During his workshop at Merrimack, Svoronos demonstrated a remarkable creation of his own engineering and design. This computer-controlled device is worn somewhat like a hat on the user’s head. When turned on, the device scans for brain activity. In real-time, cognitive activity is translated and represented into 8-bit musical tones. Svoronos half-jokingly called this an MRI (Mind Reactive Instrument). Students watched in amazement as Svoronos presented the device.
Svoronos’ fascination with the brain is deeply personal. In 2009, at 26 years old, he was diagnosed with brain cancer. During his talk, Svoronos showcased several of his past works that, in many ways, connect to his diagnosis and experiences as a patient. Remarkably, much of Svoronos’ work inverts any notion of shame or stigma of sickness. It is instead explored through subtle, sincere, and even sarcastic lenses of his experience. What some patients define as struggle, Svoronos saw as insight into his identity and his work.
Svoronos also invited students to participate in the creation of a dynamically generated poem by contributing words that would be randomly assembled into abstract, single-sentence poems. The resultant piece, The Collaborative Poetry Project (2022), can be viewed here.
The final speaker in the Fall 2022 series was Jim Felker. Felker was born and raised just north of Merrimack College in Haverhill, MA. Even as a child, Felker excelled in music—playing percussion and guitar, singing, and eventually leading his high school marching band as the drum major. Felker studied music and education at UMass Lowell, where he earned his bachelor’s and master’s degrees in Music Education.
Felker’s talk, A Life in Music, was interspersed with several short solo performances with vocals and guitar. Felker performed “Crazy” by Gnarls Barkley, as well as “Signed, Sealed, Delivered (I’m Yours)” by Stevie Wonder. Felker identifies himself as a drummer, musician, teacher, and dad. He performs solo and with various bands as a freelance drummer. Outside of performing, Felker has been a music teacher for Bedford Public Schools since 2000.
When asked about Felker’s talk, a student remarked, “I felt very inspired by Jim Felker and the advice that he gave to us. It really resonated with me, and I’ll take that advice and use it throughout the rest of my life.” The student went on to say, “One thing I noted when he was giving his presentation is that he suggested that you don’t need to be a big-name artist or celebrity to be successful—and that there are a variety of ways you can find success and happiness within what you choose to do in life.”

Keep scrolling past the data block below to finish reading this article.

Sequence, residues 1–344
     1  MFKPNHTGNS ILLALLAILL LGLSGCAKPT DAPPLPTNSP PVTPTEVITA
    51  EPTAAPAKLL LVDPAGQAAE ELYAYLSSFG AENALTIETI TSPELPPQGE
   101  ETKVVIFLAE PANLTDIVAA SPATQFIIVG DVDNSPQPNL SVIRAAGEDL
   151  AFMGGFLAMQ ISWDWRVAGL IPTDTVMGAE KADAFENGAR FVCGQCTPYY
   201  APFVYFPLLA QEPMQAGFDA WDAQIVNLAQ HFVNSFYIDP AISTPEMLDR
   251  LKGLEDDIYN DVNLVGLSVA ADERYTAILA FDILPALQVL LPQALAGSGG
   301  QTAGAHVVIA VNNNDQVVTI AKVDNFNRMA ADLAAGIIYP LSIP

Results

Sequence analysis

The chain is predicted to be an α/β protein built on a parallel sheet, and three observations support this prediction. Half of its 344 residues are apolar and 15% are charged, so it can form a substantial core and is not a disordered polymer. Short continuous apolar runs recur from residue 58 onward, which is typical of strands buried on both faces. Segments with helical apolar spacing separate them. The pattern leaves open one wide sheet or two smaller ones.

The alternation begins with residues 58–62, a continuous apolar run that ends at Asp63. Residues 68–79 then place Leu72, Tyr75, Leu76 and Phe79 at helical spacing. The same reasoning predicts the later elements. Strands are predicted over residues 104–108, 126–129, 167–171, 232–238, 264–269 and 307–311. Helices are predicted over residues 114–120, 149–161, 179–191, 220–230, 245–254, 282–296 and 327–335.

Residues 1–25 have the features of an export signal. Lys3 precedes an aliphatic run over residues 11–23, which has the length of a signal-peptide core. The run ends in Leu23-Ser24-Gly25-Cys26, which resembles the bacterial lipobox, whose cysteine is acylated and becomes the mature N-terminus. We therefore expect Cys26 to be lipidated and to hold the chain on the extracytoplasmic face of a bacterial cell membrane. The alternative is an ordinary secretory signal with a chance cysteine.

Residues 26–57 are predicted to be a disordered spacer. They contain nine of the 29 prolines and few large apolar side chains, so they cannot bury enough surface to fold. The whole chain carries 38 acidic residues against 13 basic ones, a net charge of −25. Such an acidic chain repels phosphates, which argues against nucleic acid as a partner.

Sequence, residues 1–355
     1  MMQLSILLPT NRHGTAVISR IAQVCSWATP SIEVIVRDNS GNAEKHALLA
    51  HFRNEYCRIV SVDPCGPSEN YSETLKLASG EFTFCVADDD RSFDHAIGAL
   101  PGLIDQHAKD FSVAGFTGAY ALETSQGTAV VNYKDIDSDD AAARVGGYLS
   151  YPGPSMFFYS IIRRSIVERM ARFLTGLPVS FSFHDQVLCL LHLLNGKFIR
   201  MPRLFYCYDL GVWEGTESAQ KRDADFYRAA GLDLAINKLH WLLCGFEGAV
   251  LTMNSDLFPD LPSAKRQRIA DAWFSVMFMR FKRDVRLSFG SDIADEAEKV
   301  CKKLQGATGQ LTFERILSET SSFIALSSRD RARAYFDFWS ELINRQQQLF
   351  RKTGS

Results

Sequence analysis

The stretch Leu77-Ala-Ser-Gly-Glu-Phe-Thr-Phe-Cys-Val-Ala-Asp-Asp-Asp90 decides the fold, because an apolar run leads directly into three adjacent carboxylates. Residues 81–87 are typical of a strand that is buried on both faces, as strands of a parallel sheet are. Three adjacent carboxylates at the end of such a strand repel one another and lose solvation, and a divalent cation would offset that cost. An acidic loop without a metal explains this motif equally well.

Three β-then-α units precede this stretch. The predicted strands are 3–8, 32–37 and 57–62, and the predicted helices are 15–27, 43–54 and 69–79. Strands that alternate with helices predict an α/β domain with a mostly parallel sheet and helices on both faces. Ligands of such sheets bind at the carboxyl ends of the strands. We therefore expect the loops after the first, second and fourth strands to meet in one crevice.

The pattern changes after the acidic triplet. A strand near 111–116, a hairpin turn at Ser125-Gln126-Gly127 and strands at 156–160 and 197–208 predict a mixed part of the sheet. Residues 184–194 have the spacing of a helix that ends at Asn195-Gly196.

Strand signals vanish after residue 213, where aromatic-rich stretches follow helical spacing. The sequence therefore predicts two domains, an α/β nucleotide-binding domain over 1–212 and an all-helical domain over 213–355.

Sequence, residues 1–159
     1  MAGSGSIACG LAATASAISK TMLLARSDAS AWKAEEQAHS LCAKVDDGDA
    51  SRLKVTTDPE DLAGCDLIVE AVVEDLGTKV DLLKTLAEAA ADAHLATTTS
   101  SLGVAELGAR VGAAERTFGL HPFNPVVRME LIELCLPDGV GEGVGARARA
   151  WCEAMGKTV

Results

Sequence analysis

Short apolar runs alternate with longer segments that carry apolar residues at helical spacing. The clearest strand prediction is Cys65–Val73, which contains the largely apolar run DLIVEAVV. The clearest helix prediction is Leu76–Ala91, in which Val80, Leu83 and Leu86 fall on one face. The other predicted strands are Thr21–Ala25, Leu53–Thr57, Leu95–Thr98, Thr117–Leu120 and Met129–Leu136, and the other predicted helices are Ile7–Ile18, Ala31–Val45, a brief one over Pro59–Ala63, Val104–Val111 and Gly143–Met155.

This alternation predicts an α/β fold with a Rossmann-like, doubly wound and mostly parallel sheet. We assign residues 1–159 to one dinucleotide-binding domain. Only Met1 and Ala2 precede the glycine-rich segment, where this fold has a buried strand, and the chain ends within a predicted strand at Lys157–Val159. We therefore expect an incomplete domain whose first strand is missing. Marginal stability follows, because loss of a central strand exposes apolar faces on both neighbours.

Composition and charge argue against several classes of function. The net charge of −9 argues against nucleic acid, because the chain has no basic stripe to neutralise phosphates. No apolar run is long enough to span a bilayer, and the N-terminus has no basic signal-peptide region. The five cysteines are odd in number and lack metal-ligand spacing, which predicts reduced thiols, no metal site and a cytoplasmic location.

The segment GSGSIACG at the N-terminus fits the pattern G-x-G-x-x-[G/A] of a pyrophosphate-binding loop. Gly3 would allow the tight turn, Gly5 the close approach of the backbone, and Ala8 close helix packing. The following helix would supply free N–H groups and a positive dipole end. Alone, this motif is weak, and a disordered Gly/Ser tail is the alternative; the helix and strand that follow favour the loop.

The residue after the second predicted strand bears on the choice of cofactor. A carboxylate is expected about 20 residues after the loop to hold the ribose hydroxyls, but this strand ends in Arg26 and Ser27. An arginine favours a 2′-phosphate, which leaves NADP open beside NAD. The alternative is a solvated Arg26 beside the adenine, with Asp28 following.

With a newly launched undergraduate program in music and a growing marching band, Merrimack College is seeking those who, like Felker, seek to develop a life in music. “To go from one music major to nearly 30 in under five years is so exciting, and I love that our hallways are filled with music all hours of the day,” says Professor Andrew Cote, who leads the academic music programs and has helped launch the marching band alongside several other instrumental and vocal ensembles.”
Following his talk, Felker opened it up to questions from students. In response to a question regarding his musical inspirations, Felker cited Tower of Power, an American R&B and funk-based band performing since 1968. Another student asked Felker who mentored him—and in response, Felker noted the influence of his high school music teacher Joe Leary. Leary studied at Berklee College of Music, taught music for over 30 years, and who, like Felker, actively performs throughout New England and beyond.
Spring 2023 Workshops
VPA is also hosting interdisciplinary workshops in the spring 2023 semester. Currently, three workshops are scheduled: Courtney Marchese, a global experience designer at Slalom; Katie Pustizzi, who will engage the students in movement, choreography, and dance; and Len Davis, an interdisciplinary visual artist.